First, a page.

Sweta Pramanick

Sweta Pramanick


  • Room 02.002 - Riddel Hall Block 1

    United Kingdom

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Research Focus

Sweta Pramanick (MSc, Antwerp) is a PhD student in financial history at Queen's. Her research focuses on understanding how productivity and the integration of new innovative technologies have shaped the UK economy during the twentieth century. (Supervised by Philip Fliers and John Turner)


PhD project title: Tackling Productivity Questions: A Long-Run Perspective

The objective of this PhD project is to understand how firms integrate new innovative technologies in both products and processes. The candidate will examine the evolution and impact of advanced manufacturing capabilities on productivity and regional development by employing an interdisciplinary approach which includes history, economics, politics and finance. Using history as their “laboratory”, the candidate will look at this issue from different perspectives: (a) investigating the differences in productivity and technology in manufacturing between Northern Ireland, Scotland, Wales and the various regions of England; (b) investigating the impact of macroeconomic and monetary policy on productivity and the transmission of technology across regions; and (c) investigating the importance of institutions in the process of knowledge creation, corporate productivity and advanced manufacturing capabilities.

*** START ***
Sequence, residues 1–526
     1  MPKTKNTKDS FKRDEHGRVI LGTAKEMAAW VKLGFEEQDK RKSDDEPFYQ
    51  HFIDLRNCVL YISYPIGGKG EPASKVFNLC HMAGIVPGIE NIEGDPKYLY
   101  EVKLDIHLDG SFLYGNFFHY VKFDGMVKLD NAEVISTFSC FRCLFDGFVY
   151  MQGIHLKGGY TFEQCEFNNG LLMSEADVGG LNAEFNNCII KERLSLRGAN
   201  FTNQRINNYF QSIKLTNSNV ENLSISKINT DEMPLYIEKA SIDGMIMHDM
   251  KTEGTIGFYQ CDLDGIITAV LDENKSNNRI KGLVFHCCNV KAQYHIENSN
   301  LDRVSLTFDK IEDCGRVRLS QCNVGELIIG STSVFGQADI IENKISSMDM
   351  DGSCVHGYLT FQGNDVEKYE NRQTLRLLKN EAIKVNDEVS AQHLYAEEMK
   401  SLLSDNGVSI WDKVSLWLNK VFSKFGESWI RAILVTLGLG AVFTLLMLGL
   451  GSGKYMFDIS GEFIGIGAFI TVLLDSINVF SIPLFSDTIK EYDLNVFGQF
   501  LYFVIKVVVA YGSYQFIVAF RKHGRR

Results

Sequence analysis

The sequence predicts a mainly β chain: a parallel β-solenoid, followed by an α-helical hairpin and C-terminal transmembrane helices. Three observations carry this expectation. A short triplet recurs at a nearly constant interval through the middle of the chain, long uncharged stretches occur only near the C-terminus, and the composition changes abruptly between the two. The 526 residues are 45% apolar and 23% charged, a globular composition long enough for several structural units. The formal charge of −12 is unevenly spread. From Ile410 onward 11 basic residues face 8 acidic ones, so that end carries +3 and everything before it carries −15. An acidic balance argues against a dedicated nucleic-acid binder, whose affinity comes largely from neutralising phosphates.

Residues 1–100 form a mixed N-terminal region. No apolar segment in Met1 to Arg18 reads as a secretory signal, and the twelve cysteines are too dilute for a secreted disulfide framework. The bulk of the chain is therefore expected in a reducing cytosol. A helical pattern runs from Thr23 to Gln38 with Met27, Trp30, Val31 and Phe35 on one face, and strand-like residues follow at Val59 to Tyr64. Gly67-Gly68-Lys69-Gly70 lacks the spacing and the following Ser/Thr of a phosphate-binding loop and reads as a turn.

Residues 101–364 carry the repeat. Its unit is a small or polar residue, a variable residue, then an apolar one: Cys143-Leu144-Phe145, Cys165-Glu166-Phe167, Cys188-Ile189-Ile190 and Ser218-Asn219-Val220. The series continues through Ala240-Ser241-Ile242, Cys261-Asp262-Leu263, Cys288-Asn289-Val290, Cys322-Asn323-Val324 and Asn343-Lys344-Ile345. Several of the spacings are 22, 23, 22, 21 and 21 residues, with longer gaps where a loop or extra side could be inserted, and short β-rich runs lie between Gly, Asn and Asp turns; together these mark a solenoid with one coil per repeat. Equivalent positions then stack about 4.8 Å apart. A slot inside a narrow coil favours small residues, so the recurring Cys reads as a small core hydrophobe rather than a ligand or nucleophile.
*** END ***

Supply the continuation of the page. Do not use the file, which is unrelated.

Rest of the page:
This project sets out to create a novel database of labour and manufacturing statistics for UK firms between 1900 and 2020. These data allow us to track how productivity and the integration of new technologies shaped the UK economy. Insights from this project may have important policy implications; it will aid policymakers in understanding the criteria for the successful integration of new technologies in existing production processes. For example, Kotha and Swamidass (2000) show firms that exhibit a better strategic fit with advanced manufacturing technologies also perform better. However, most evidence presented on advanced manufacturing and firm-level productivity is void of a long-run perspective and focuses solely on a very particular subset of manufacturers. Robust policy measures can only be gleaned from employing a long-run perspective that reveals the root cause of the significant premium low productivity firms earn yet make them vulnerable to economy-wide shocks. By covering multiple business cycles, policy implications can be generated on how best to protect “vital industries”.

Research Interests

  • UK Productivity
  • Corporate Finance
  • Asset Pricing
  • Economic History
  • Financial Econometrics


  • MSc. Finance (with distinction) (Antwerp Management School, University of Antwerp)
  • B.Tech (Veer Surendra Sai University of Technology)


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